Hyperspectral Machine Learning Models May Help in Climate Change

A team of University of Oxford researchers partnered with Trillium Technologies’ to automatically detect methane plumes on Earth from orbit using machine learning with hyperspectral data. The purpose is to reduce methane emissions, which helps slow global warming and improve air quality. While it is essential to reduce carbon dioxide, methane gases from anthropogenic sources are 28 times more potent than carbon dioxide in trapping heat in the earth’s atmosphere. It is the second-largest greenhouse gas (GHG) after carbon dioxide.

Therefore, using this technique could help in extracting information from hyperspectral satellite images. Before this, there were not many methods to map methane plumes from aerial images. If there are any, the technique is very time-consuming. The reason is due to the transparent color of methane gases to the satellite sensor’s spectral ranges and human’s naked eye. With the new machine learning tool these researchers have developed, it will help solve the problems.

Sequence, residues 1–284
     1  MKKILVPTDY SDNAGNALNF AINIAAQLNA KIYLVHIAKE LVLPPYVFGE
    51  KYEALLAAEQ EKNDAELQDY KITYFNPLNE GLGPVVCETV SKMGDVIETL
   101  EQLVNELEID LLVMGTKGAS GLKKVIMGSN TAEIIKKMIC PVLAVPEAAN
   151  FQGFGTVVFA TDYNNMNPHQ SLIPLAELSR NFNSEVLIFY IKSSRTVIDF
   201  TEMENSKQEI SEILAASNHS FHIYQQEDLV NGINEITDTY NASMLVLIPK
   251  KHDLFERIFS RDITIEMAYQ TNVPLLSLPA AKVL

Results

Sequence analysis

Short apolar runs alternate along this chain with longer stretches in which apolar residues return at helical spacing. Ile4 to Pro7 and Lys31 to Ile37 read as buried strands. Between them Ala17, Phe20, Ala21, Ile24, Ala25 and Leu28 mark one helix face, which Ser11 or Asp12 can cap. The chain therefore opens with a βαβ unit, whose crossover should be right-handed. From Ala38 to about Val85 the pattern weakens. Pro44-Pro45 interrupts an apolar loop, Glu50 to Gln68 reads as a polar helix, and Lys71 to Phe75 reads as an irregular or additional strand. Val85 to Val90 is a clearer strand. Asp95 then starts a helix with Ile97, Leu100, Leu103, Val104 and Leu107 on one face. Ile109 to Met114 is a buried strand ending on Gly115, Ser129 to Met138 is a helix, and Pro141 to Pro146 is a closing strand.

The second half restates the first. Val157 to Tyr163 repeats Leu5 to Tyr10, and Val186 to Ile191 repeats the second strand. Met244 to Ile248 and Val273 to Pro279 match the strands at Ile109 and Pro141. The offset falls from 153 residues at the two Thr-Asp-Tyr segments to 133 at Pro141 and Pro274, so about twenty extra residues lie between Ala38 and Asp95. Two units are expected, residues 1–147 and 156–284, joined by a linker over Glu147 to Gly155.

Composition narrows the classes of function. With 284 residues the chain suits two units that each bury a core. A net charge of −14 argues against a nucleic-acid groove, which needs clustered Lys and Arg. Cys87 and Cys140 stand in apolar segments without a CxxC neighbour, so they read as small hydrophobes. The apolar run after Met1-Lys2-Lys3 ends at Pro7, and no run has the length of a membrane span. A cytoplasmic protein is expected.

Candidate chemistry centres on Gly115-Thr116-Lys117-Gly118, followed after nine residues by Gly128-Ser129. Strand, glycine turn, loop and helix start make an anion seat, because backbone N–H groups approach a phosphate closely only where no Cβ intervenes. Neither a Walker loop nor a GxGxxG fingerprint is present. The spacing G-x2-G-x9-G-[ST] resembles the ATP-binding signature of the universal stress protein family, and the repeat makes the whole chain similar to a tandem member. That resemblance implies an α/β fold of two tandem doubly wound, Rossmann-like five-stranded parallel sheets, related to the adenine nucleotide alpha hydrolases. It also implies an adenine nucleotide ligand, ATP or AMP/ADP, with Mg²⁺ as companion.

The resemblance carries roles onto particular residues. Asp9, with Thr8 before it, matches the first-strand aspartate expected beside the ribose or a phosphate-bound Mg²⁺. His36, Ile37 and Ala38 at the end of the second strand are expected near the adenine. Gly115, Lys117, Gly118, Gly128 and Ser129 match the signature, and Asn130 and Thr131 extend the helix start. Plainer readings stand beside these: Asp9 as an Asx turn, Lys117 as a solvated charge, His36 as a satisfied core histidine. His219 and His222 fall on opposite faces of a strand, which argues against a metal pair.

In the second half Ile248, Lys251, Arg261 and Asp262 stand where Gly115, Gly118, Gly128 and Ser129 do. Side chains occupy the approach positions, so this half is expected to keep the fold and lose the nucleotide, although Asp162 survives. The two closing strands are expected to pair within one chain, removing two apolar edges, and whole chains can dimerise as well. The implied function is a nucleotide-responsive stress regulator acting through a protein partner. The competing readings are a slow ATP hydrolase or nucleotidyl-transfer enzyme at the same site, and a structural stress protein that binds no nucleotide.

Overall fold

These have lower detection bands than more widely used multispectral satellites, which makes it easier to tune in to the exact methane signature and reduce noise. However, processing them without artificial intelligence (AI) becomes challenging because of the amount of data they generate.

Using NASA’s airborne sensor AVIRIS for the model’s training, 167,825 hyperspectral tiles, or 1.64 km2 each, were gathered over the US Four Corners region. Then, the algorithm was applied to the collected data.

This method has been proven to have 81% accuracy compared to the previous one, which was 21.5%. Also, compared with the previous most accurate methodology, this new method’s false positive detection rate for tile categorization was greatly improved, falling by almost 41.83%.

Both the code and the annotated dataset are available on GitHub. The team is investigating satellite on-board processing and how it could be used in the project to allow satellite swarms to autonomously collaborate. Lead researcher Vít Růžička imagines that sending priority signals to Earth will increase the effectiveness of methane detection.

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